In this interview, National Youth Director Josh Wellborn talks to Mark Hylton, student ministries pastor at Victory Church in Lakeland, Florida. Hylton shares his heart for Fine Arts and how he’s built his discipleship model around Fine Arts.
Hylton is a product of Fine Arts which is the main reason he is so passionate about the ministry. From sixth grade through twelfth grade, he participated in the ministry with his youth group. He said there was a competitive aspect (although it is not a competition), but more than that he benefitted from the community.
“I wasn't always…the church kid,” he said. “But if I were to be 100 percent completely honest, Fine Arts was that thing that kept me involved and engaged in the local church.”
Hylton remembered that students in his youth group were encouraged to not only discover, develop, and deploy their ministry gifts, but to look for those giftings in other people just as Jesus did. However, participation in Fine Arts wasn’t contingent on whether they were a believer or not—it was about providing a space for students to belong before they knew how to behave.
Wellborn asked Hylton how youth pastors and leaders can cultivate a heart of Fine Arts in students despite the fact that the national event is canceled due to the COVID-19 outbreak.
Hylton first validated the disappointment and heartbreak many students are experiencing with the announcement. Then he turned to the question his ministry is asking during this season, and that’s how they can continue to disciple students.
Aside from continuing to prepare for PenFlorida’s digital district festival (where Hylton’s church is), they want to host a Fine Arts night. No evaluators, no scores—just a place where friends and family can connect with students presenting their ministry gifts. This opportunity to engage is important to Hylton, because he knows many people have come to know Jesus because a student discovered, developed, and deployed their gifts.
They also focus on the leaders. He said leaders lead beyond the Fine Arts season—they continue to pastor their students throughout the year. One of the first things his leaders did when the crisis hit was contact students and let them know they were seen and loved, and that it wasn’t the end of their ministry.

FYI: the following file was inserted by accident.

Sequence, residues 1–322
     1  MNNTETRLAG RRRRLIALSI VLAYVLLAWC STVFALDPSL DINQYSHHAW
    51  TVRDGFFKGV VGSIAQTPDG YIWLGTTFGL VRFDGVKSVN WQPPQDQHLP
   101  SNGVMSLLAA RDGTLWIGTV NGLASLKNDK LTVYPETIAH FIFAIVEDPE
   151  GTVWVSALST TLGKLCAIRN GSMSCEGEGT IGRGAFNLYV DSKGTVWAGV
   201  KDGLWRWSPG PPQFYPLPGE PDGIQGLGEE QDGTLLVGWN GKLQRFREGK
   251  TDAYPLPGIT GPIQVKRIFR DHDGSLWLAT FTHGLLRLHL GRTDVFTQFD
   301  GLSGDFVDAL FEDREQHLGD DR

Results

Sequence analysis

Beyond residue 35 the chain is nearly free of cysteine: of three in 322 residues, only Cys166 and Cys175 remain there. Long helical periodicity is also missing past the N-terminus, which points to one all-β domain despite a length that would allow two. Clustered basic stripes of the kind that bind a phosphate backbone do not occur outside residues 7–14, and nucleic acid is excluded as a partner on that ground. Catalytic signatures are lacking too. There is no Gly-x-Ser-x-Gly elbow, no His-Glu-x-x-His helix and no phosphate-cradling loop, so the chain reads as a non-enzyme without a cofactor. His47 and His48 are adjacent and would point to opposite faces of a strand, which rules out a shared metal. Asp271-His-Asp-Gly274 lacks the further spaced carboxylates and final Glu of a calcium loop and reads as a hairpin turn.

“A lot of people, they remember how something started and they remember how something ended,” Hylton said. “I want the way that they remember our student Ministry…[to be] that they were loved, that they were valued, that they were discipled, and that they were cared for.”
This is an unconventional season that calls for unconventional methods to continue the discipleship journey. Wellborn asked if Hylton had any ideas or encouragement for youth pastors who want to offer students a platform beyond the local church.
Gen Z loves to publish, so Hylton said providing opportunities for students to publish is very important. That could be during a youth service, where family and friends who aren’t saved are invited to church to see students present on a stage. Or it could be a main Sunday service. Hylton noted sometimes there is a generational disconnect in churches, so this can bring the entire congregation together as students use their gifts for the Lord.
“I just think it needs to be a culture created in the local church to let students use their giftings so that they’re excited about the church.”
To close out, Hylton prayed over youth pastors, leaders, and students during this unconventional time; for creative ways to reach others, that they would not grow weary in doing good (Galatians 6:9), and that hearts and minds would be open to receiving what He has for them. At the end of this season of sowing, we believe there will be a harvest—what the enemy meant for evil, God will turn it for good.